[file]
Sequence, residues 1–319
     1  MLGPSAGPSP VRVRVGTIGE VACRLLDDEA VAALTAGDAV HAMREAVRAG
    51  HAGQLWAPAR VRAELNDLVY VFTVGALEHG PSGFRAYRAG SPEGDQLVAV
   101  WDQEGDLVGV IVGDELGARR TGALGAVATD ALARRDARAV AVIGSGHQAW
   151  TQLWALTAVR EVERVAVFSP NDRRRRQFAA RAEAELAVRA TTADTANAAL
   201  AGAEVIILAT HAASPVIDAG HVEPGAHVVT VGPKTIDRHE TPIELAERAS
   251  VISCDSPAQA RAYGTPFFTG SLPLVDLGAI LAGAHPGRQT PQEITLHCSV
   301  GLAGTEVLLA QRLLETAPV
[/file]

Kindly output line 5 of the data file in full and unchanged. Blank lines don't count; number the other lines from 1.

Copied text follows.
   151  TQLWALTAVR EVERVAVFSP NDRRRRQFAA RAEAELAVRA TTADTANAAL